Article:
Tell her she can’t, she’ll tell you, “Just watch me.”

U.S. Army Veteran Twila Adams won the prestigious Spirit of the Games Award at this year’s National Veterans Wheelchair Games in Louisville, Kentucky. The award is given to one wheelchair athlete out of hundreds across the nation, Great Britain and Puerto Rico who exemplifies the heart and soul of the Games through leadership, encouragement and a never-give-up attitude.

But that spirit is not just on display at the Games. Adams’ positive attitude only got stronger since the 1994 car accident that put her in a chair.

“My parents raised me to believe the impossible, and that’s what I’ve been doing my whole life. Don’t tell me I can’t. Don’t tell me I won’t. Tell me what’s next and what I have to do, because I’m still here,” she said.

Adams, who gets care at the Salisbury and the Charlie Norwood Augusta VA Medical Centers, served 11 years in the Army, with tours in Korea, Turkey and a deployment to Desert Storm, until road marches and bad knees caught up with her.

But three years after leaving the Army, another vehicle ran a red light as she was turning right.

“I swerved and missed her and just bumped another car. I wasn’t even going fast, but I could only move my mouth and eyes. I knew then there was something wrong.

“I heard the doctors telling my parents that I’m paralyzed from the neck down. The prognosis didn’t look good. Doctors kept telling my parents what I couldn’t do, and kept telling me what I couldn’t do.

“I looked at my doctor and said, “I want you to wear a nice tie next time you come in so we have something to talk about and stop telling me what I can’t do and let me work on this.

“I asked all of the people who wanted to visit me to stop visiting. They sit and look at you. Nobody wanted to move my arms and legs. They’re all afraid they are going to hurt me. They’re afraid if they lift my arm, it’s going to flop around.”

The doctor lifted her leg.

She kept it there.

“That’s a spasm,” he said.

“I watched other people compete, doing air rifle, and archery with their teeth. I was amazed. I said, ‘Oh my goodness, my life is about to blow up. I’m about to die having fun.’ “

  — Twila Adams, recalling her first Wheelchair Games in 2002

Twila bench pressing

Twila Adams bench presses during the power lifting event at the National Veterans Wheelchair Games.

“Do you want to do it again?” she asked.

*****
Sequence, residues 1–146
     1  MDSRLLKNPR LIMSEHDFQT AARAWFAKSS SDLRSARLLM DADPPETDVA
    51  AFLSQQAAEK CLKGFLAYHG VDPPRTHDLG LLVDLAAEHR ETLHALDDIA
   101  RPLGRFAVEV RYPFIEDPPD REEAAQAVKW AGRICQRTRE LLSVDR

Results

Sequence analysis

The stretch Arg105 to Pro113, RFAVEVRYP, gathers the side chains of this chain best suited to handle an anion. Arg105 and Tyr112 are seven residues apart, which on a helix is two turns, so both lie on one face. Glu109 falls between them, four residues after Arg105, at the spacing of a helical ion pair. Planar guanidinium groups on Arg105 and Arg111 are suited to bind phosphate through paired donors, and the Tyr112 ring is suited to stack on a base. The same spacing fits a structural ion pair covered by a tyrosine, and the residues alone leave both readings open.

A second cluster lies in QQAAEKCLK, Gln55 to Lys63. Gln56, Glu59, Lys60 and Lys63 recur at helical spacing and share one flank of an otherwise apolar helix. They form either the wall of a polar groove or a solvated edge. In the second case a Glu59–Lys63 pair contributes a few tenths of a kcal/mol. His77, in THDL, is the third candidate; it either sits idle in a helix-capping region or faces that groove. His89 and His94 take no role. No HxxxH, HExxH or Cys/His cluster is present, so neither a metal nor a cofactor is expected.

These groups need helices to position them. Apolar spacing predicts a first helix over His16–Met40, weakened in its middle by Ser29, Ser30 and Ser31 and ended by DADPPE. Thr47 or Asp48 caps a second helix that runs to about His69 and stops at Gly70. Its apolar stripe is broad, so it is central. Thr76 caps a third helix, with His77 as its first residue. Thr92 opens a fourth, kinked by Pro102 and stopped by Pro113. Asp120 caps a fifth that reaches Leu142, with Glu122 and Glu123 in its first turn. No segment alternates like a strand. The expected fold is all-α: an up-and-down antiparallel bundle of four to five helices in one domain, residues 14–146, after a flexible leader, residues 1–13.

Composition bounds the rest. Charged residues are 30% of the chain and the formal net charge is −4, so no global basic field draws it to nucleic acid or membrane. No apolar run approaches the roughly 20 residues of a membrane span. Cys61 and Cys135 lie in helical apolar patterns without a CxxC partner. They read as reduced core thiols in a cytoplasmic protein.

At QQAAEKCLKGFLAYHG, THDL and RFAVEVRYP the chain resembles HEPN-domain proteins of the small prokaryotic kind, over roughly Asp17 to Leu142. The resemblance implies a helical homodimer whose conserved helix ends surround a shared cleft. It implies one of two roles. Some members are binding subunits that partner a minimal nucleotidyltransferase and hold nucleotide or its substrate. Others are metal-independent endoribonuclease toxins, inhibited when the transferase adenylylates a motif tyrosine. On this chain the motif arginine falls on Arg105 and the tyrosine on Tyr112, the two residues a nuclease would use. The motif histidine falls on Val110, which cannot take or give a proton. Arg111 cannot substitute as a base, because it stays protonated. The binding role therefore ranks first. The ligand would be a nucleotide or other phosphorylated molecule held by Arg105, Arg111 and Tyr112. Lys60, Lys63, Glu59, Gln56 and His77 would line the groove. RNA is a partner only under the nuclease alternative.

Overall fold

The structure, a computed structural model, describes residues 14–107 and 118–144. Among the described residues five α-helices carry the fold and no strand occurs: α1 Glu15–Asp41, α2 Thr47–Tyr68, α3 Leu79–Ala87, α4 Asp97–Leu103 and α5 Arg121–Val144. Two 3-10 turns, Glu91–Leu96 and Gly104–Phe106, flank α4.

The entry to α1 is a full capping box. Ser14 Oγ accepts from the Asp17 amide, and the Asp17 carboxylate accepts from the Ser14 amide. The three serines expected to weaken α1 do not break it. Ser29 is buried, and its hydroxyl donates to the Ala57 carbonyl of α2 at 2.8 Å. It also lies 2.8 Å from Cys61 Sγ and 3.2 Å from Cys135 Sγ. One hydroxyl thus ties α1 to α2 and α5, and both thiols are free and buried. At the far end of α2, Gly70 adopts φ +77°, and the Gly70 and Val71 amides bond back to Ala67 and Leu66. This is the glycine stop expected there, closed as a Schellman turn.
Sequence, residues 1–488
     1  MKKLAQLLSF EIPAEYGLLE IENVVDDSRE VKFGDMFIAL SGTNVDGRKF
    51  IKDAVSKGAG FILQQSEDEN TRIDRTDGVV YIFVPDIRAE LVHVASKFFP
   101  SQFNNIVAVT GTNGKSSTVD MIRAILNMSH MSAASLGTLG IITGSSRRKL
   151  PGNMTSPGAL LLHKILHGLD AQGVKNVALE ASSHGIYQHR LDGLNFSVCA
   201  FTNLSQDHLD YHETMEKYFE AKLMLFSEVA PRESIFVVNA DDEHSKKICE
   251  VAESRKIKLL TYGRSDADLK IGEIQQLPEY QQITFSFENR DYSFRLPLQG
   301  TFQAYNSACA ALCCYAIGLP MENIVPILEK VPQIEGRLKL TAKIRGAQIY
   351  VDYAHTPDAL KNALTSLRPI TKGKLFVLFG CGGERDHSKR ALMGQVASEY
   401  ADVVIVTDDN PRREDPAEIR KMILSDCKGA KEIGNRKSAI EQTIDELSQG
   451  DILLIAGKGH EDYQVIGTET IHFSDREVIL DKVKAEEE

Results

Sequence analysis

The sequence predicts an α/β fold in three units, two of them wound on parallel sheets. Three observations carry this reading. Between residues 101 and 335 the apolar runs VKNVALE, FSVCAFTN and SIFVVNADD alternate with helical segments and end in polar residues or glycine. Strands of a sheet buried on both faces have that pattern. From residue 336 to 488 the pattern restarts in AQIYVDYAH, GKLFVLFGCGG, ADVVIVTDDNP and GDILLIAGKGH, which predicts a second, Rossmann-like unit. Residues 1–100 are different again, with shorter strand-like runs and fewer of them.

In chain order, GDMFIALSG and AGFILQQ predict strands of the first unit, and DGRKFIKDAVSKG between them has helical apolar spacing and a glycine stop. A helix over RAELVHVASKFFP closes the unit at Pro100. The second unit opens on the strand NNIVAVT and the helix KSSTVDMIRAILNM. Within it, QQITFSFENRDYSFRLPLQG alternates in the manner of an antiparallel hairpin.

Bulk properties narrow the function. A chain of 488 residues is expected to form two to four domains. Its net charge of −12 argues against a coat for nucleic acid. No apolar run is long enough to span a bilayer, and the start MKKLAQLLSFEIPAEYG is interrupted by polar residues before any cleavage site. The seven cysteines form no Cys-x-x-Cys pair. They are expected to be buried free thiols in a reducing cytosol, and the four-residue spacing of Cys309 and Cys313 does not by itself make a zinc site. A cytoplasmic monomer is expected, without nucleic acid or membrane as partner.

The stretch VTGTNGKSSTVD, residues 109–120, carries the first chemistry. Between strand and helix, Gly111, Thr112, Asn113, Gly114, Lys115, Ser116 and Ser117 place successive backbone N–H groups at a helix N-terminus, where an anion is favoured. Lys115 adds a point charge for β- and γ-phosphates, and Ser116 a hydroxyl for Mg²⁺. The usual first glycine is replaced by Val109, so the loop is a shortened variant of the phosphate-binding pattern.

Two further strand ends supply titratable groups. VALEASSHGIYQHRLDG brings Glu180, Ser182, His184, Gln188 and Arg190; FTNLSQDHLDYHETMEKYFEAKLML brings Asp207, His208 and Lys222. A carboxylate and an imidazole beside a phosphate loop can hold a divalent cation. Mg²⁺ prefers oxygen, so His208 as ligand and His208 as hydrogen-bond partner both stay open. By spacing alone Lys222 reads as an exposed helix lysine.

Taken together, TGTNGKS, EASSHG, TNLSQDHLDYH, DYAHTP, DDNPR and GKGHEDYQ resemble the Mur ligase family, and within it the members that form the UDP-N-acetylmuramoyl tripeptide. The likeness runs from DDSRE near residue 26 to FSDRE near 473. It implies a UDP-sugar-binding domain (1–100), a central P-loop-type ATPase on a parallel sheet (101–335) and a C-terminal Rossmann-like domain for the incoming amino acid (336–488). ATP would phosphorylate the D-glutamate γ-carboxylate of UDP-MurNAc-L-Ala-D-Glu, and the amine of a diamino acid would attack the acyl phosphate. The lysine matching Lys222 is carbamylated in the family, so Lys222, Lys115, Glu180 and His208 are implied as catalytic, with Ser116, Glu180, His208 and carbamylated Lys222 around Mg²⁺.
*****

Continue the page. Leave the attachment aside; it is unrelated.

He lifted her leg again. She held it up and moved her foot around.

The woman who doctors said would most likely be paralyzed from the neck down worked hard on her therapy. She can now walk briefly.

“I’m considered a ‘walking quad,’ she said. “I can ambulate. I can kind of wobble and drag my foot. Like most quads, I can’t feel a lot, but do have chronic pain from the neck down, and intense burning and pain in my hands, legs and feet.”

Yet look at any photos of Adams at the Wheelchair Games and there is either a look of fierce determination or a radiant smile.

“I’m not the hard-charging sergeant I was in the Army. I’m in a new body. I respect my body.”

Discovering the Wheelchair Games in 2002 was a turning point for her.

“I remember going to my spinal cord injury exam and the rec therapist asked me if wanted to go.

“And do what?” Adams asked her.

“You can play 9-ball,” the therapist said.

“From my scooter?!?”

“Yes, and you can play table tennis.”

She did more than that.

“I showed up at that first one and got to the opening ceremony and was blown away. I watched other people compete, doing air rifle, and archery with their teeth. I was amazed. I said, ‘Oh my goodness, my life is about to blow up. I’m about to die having fun.’

“Oh my goodness gracious, life is good. Without my injury, I never would have known about this stuff. I used to say my accident happened to me. By the time I was introduced to the Wheelchair Games, I was asked to go trap shooting. I play billiards in Tampa. At the Wheelchair Games, I do shot put, discus, javelin, air rifle, air pistol, bowling, boccia ball, power lifting. Now I say this did not happen to me, it happened for me. It changed my life.”

When she’s back home, she’s busy playing adaptive tennis at least two hours a day, several days a week.

“I was told I would need a power chair since I’m a quad. I don’t need a power chair,” she said. “I use my own, sports chair. Then I found out about an international adaptive tennis tournament. I was told I can’t go because I couldn’t compete at that level. I said, ‘Well, I’m going.’

“I went and got my butt whupped. But my second match was a doubles. I told my partner, “You get the backhand, I’ll get the forehand,’ and we won the tiebreaker.”

That story makes her recreation therapist, Valerie McNary, laugh out loud.

“She came up to me and said, ‘Val, everybody keeps telling me I can’t do it, but Val, I’m going to do it.’